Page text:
Nicolas Andreas Taralis
September 27, 2013 Paris
There was just one minor issue: It was impossible to make out any details of the collection. Fabric, form, and how these two essential elements fit together were all lost within the film's ambient space. And so, we arranged a showroom visit, whereby the designer presented the pieces close-up and drew attention to all the concepts and workmanship that made this one of his strongest collections yet. Taralis, who was influenced by the artist Gordon Matta-Clark this season, explained that he pursued a purer, more sophisticated direction for Spring. The women's pieces were largely borrowed from menswear—quite literally, in some cases, where the designer styled a shirt as a dress or repurposed portions of a boxy jacket into one more tailored to the feminine form. The crux of the collection consisted of a tiered system whereby a fine-gauge polyamide underpinning might extend past the blouse, with the streamlined silhouette funneling out into generous trousers. Only in close-up—certainly not in the video—could the subtle gold stitching and unfinished edges be fully appreciated. The top layer of a double-fabric skirt looked like it was punctured in braille. Taralis will have no difficulty convincing buyers to order his stilettos secured with a thick leather ankle bracelet.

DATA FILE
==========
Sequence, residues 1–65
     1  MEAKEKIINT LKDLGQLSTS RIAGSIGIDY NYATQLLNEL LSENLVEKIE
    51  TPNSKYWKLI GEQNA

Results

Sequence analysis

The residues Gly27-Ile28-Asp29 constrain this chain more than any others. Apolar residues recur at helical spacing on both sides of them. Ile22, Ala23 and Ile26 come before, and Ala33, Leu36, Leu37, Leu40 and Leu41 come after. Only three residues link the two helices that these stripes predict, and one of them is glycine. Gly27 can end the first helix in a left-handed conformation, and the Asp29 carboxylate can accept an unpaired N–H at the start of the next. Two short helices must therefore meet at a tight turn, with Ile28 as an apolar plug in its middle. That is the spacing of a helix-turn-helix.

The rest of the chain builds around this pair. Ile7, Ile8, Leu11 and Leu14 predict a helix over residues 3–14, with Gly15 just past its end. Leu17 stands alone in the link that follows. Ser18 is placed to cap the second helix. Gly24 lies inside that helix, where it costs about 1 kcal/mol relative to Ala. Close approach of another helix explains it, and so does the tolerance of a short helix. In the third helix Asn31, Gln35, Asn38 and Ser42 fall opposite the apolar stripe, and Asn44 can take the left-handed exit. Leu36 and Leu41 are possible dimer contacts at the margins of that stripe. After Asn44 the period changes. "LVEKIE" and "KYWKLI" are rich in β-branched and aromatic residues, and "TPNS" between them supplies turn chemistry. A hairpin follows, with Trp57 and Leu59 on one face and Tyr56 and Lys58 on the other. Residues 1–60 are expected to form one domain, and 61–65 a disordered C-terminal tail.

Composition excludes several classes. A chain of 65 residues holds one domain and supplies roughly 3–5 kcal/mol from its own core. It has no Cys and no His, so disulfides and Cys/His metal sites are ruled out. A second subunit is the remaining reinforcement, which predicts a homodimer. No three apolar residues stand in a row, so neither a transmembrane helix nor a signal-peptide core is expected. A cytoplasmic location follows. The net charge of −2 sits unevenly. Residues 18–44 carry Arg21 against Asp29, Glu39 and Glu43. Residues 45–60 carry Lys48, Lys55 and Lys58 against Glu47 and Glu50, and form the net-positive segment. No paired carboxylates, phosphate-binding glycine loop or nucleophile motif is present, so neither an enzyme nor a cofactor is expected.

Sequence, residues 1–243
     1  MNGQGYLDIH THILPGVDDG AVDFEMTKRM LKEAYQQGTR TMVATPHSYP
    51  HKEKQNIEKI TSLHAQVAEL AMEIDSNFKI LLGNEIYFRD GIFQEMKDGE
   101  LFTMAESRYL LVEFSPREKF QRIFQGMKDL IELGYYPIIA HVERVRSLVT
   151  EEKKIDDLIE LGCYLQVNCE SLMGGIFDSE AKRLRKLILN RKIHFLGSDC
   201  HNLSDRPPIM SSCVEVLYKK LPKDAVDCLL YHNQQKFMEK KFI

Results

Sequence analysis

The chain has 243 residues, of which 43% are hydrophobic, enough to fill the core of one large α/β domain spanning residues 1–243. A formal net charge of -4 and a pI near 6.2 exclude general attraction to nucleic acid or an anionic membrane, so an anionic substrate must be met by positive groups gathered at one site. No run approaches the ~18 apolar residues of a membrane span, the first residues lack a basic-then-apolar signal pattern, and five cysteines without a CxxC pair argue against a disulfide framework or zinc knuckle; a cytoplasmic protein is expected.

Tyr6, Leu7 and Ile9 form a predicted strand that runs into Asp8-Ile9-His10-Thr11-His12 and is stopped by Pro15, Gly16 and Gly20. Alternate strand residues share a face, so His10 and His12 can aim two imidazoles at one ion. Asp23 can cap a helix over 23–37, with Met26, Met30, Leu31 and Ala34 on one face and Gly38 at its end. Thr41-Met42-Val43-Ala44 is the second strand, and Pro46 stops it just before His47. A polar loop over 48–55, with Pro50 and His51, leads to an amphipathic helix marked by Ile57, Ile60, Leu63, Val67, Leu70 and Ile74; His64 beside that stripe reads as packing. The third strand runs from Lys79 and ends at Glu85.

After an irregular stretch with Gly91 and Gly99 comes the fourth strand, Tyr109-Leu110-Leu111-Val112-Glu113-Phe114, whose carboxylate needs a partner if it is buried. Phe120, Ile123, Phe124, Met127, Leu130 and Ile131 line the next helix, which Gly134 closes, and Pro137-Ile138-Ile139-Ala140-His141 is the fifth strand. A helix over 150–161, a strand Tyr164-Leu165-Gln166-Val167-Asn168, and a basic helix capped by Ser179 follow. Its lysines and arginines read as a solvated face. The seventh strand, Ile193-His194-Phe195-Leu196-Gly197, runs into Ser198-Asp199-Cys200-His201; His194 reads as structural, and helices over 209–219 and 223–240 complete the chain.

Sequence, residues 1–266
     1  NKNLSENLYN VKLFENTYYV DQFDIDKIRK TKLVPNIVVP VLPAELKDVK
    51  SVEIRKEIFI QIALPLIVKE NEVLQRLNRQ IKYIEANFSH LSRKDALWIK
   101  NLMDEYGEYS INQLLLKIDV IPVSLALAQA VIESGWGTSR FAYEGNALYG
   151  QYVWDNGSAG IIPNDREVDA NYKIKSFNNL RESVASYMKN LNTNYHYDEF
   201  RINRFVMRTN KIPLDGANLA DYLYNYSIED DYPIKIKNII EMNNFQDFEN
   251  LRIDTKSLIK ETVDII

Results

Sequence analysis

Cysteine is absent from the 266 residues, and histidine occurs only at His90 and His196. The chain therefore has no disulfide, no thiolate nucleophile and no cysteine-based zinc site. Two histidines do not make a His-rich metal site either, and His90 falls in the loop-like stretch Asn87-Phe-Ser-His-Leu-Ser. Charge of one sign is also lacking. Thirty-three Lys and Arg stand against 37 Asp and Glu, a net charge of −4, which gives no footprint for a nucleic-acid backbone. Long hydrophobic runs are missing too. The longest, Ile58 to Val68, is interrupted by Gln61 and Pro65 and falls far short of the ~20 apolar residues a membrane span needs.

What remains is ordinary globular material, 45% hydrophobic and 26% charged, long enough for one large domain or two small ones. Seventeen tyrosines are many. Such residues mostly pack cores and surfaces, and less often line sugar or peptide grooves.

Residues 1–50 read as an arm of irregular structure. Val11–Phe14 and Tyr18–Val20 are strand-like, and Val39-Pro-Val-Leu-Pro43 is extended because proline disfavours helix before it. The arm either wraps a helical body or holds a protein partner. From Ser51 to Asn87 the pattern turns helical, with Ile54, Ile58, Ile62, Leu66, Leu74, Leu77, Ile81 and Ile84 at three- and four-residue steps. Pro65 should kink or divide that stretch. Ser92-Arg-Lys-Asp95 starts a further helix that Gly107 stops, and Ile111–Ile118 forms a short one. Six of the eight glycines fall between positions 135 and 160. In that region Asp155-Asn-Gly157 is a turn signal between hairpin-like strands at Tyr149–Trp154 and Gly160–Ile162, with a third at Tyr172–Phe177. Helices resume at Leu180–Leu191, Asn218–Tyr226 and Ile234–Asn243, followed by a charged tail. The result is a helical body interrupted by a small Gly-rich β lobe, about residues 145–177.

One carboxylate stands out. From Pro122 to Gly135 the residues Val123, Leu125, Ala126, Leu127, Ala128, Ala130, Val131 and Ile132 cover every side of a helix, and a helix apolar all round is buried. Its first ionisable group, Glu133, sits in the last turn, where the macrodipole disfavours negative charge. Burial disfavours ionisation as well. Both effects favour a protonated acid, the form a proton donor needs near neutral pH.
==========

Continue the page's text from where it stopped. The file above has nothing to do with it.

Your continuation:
Back at the video presentation, Taralis noted how so much of our world today has become "dematerialized" and said he was determined to find another, nonlinear way of reading a collection. But clothing is material, and this collection was best seen and touched up close.